Linda Margaret Kilgore Uses Nature For Her Sculptures

ART + CULTURE | BY | April 11, 2017
A gate of steel trees, dubbed Las Puertas, leads to Kilgore's gallery, where she shows and sells her work.
A gate of steel trees, dubbed Las Puertas, leads to Kilgore's gallery, where she shows and sells her work.

eteorite dust, rose petals, charred material from forest fires, broken glass, and pieces of rusted metal are just a few of the unorthodox elements Phoenix artist Linda Margaret Kilgore turns into sculptures. It’s fitting, then, that many of her nature-incorporated pieces end up outside. In fact, the impact of the environment, like oxidation, frequently adds another layer of beauty. From large steel trees with twisting branches in her Bosque series to smaller works with nests and eggs, organic forms meet industrial materials to forge hauntingly beautiful hybrids that mesh well with modern architecture.

Kilgore’s work appears in public, private and corporate collections and in museums and is often found in garden settings. “When my pieces are first installed outside, we often anoint them with a sprinkling of water–a baptism of sorts,” she says. “It’s a little ritual that bonds it to the place where it will live.” As such, the artist often creates with an eye toward where the piece will end up. “I like to design for a specific area,” she says. “Usually an architect will be finished on a project and then recommend me; I enjoy the collaborative aspect. I love architecture–it’s a form of sculpture.”

Those familiar with Kilgore’s art would not be surprised to discover a spiritual aspect she cultivates from her travels. “I find great inspiration and many ideas from my pilgrimages to ancient sites,” she says. Places like the caves of Dordogne, in southwestern France, and the sacred stones from the Brittany coast and Peru’s Sacred Valley resonate in the materials and lines of her sculptures. She goes so far as to collect bits of nature: soils, rocks and water from the Urubamba River in Peru and salt from Inca mines, for example.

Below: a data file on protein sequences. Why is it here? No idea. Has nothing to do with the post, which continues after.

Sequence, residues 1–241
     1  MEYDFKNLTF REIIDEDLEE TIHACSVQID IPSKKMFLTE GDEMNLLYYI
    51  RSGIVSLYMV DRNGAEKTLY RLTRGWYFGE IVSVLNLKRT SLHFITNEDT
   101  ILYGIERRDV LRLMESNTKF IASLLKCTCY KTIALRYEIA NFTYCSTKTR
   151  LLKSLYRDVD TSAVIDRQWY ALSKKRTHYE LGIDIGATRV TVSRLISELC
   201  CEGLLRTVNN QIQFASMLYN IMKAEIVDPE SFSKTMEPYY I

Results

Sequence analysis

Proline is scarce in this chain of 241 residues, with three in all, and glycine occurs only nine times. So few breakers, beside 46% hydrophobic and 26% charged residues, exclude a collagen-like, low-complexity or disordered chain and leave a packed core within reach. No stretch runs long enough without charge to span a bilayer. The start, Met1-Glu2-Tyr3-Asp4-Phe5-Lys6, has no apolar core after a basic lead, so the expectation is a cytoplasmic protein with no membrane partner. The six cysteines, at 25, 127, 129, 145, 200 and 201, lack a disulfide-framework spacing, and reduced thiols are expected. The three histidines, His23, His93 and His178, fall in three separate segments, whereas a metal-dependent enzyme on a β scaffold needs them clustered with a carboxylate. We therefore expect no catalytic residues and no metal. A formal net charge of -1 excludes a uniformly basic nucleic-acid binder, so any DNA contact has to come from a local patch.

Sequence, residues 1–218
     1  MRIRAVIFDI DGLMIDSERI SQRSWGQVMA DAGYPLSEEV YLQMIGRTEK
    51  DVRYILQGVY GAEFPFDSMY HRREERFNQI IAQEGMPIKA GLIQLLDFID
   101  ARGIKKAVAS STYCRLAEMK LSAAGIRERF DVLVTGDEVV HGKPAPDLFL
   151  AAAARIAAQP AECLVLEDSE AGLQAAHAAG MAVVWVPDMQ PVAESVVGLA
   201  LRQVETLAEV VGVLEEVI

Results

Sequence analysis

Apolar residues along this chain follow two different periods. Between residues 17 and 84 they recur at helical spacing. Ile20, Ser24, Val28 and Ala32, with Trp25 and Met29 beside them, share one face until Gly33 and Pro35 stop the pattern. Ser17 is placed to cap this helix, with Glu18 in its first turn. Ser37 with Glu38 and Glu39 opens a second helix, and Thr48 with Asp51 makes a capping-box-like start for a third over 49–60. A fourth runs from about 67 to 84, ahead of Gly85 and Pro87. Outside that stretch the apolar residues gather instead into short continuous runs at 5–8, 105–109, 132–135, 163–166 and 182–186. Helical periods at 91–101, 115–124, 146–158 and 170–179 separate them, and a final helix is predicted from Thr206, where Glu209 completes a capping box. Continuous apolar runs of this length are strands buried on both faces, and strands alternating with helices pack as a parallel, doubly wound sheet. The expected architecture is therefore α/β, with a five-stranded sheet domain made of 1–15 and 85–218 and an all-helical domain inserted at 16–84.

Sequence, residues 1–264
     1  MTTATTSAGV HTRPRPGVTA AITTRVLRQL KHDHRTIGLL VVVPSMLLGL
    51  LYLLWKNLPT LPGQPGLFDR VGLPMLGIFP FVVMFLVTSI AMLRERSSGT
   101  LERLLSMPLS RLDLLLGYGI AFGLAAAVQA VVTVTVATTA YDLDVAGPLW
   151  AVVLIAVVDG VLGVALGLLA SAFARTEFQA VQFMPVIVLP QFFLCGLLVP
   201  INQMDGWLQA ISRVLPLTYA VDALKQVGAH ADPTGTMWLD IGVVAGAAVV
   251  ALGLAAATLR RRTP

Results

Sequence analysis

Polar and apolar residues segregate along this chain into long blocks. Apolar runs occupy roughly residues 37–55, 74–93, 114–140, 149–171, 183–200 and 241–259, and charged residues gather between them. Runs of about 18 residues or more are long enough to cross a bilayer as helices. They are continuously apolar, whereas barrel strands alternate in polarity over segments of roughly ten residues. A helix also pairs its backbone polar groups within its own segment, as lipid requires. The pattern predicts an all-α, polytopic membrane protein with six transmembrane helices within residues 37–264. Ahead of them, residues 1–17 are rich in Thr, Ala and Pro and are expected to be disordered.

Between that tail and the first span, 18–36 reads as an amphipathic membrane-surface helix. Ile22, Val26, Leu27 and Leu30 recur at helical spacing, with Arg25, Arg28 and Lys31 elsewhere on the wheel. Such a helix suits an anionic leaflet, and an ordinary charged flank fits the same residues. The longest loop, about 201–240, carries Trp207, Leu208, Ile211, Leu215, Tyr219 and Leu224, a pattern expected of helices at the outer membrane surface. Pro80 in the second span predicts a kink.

Another significant influence is Kilgore’s home state, Arizona. Childhood trips to Canyon de Chelly National Monument and the red rock forms of Sedona all find a place in her art thanks to elements like “the dusty leaves, the smooth roundness of water-tumbled rocks in Oak Creek Canyon, the silvery turn of the Manzanita branch under my horse’s hooves,” she describes. Many of these elements, like the twist of the Manzanita, translate clearly into specific pieces, like those in the Bosque series, or become even more abstracted, as seen in pieces like Arborealis, which exhibit a Calder-like modernity.

In her studio, using laser-cut and torch-cut metal, Kilgore is “always inspired by the beautiful and bell-like sounds of the metal as I work,” she says. This fascination translates to her new sound pieces, in which long slender rods hold steel shapes that easily shift in a breeze. When they strike each other, she says, “the sound is reminiscent of bells in European cathedrals.”

With its use of materials and sound, Kilgore’s unique work has a profound effect. “I think the presence of sculpture in a garden makes the viewer more aware,” she says. “There can be a beautiful dialogue between nature and sculpture. It is a great pleasure and honor to place an object in the beauty of the garden.”